The Best Steak Frites in Toronto
Steak and frites. There are few dishes more basic. The combination of meat and starch is primal; a product of earth and pasture that needs precious little embellishment. It's also a great test for a kitchen's basic competence at cooking a good piece of beef, and treating a fistful of julienned potato with respect. The quality of the grill and the temperature and purity of the oil are at the heart of the matter, as is the chef's ability at sourcing a decent cut of meat that they generally can't sell at steakhouse prices.
Steak frites used to be a mainstay of bistro menus; today, they show up nearly everywhere, and seem to be proliferating as austerity and budget-consciousness preoccupies diners and chefs. The following dozen plates of meat and veg show a remarkable range of price and variation, but they were all given thumbs up by our carnivorous readers.
Here are the 12 best steak frites in Toronto as voted by readers of blogTO.
The number one entry breaks the rules right away. Czehoski's frites are more like fries, thick and stacked like cordwood next to the pre-sliced flatiron steak from Cumbrae Meats. A medium steak comes nicely pink on the inside, served with a blue cheese aioli and the very substantial russet fries cooked in canola oil. More »
The College St. eatery is the only one on our list that serves the elusive “baseball” cut of top sirloin - a juicy, peppery hockey puck with a good, beefy taste. The Yukon Gold frites are classic frites – crispy little twigs cooked in canola, served with a smoky chipotle aioli, and a great deal at only $18. More »
Very likely one of the first places you might have had a traditional bistro-style steak frites in Toronto, Le Select – first at its old Queen West location, and now at its “new” Wellington Street home – has been offering its bavette and frites for years, but only recently upgraded, with much fanfare, to a more choice Kobe/Black Angus flatiron cut from Alberta. It was worth it – the new steak is more tender, with an almost “liver-y” note underneath its sweet carpet of caramelized shallots. More »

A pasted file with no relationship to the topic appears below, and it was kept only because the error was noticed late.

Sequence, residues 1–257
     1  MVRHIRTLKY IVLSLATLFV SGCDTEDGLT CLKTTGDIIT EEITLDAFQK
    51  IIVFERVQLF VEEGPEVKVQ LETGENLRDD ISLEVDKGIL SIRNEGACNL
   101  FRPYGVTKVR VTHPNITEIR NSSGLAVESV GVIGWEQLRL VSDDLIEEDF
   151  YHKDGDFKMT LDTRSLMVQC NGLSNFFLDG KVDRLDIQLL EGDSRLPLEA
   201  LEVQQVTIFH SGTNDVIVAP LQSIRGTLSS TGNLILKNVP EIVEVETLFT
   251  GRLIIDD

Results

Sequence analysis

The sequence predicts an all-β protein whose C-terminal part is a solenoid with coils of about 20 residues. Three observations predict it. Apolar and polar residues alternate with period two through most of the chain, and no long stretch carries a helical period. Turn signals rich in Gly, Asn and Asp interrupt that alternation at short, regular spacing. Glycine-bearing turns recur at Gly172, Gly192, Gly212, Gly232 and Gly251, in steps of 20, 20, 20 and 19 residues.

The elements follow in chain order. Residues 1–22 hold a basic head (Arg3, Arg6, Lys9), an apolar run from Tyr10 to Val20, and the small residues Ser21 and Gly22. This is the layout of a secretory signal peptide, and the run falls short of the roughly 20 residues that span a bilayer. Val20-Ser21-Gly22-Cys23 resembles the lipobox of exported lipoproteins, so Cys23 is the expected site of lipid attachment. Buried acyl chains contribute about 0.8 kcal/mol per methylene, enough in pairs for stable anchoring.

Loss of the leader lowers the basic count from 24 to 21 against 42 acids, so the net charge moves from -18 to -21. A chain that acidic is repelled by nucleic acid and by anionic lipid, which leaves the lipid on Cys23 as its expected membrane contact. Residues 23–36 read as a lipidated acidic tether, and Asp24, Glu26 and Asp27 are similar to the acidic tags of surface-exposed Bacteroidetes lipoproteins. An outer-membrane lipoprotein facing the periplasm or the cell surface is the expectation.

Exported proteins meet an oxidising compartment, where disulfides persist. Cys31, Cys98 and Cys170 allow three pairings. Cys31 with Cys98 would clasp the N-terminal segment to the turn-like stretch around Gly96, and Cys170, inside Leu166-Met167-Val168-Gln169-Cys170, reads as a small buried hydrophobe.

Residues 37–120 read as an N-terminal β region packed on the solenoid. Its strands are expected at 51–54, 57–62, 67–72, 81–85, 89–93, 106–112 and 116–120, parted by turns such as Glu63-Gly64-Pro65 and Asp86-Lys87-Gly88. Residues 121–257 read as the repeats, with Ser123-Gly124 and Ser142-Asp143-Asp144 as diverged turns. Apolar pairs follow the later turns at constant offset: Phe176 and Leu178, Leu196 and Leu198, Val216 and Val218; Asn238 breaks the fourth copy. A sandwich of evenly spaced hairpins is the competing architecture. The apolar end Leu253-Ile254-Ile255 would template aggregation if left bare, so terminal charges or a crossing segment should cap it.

Chef Constance Guitard's Black Angus striploin is presented simply with classic frites and garlic mayo, and it's a testament to a well-seasoned grill – perfectly-seared on all sides, with a smoky taste that magically suggests wood charcoal. The frites are just as simple – Yukon Golds cooked in vegetable oil, with a crispy skin and sweet insides. More »
The Drake presents its short skirt steak from Cumbrae Farms pre-sliced, with a pile of crispy Idaho spud frites and a big disc of Montpelier butter – an herb, shallot, anchovy, caper and lemon-studded pat that still doesn't overwhelm the meat, which arrives reddish-pink on the inside and full of flavour. More »
This bistro is also Kensington's unofficial spiritual centre, and features a rustic strip loin that gets an extra smoky boost from a pat of home-smoked tomato and garlic butter. The frites are short and crisp, and the medium-cooked steak arrives reddish-pink in the centre, not bloody but full of meaty essence. More »
This St. Clair West eatery’s flank steak comes as flank should, tender but full of texture, and they know what medium means. The Rushton’s justly famous fries also nearly steal the show – a mix of sweet potato and Ontario Yukons that deftly balance the salty with the sweet. More »
The top sirloin steak at this Queen East restaurant is brimming with beefy, almost gamey flavour, thanks to a long wet-aging. The frites – Russets cooked in canola oil – come with a lemon mayo, and match the restaurant’s rustic interior, twiglike and with a chip-like crunch. More »
The steak at Jules is truly original – a flank steak cut along the grain, butterflied and opened up before being finished on a flat grill. Most chefs would try to hide the texture of flank, but this accentuates it – to marvelous effect. It’s a generous platter, with a salad and ratatouille included along with Dijon and mayo for the frites, which are unfortunately outsourced,and not quite up to the steak’s forthright standard. More »
This Yonge Street institution serves a 28-day-aged strip loin with a meaty and solid – but not chewy – texture and a peppery finish, topped with a buttery mix of sundried tomato and finely chopped collards. The Yukon Gold frites are suitably crunchy, but the addition of fried onions is a wonderful enhancement that it’s shocking no one has stolen yet. More »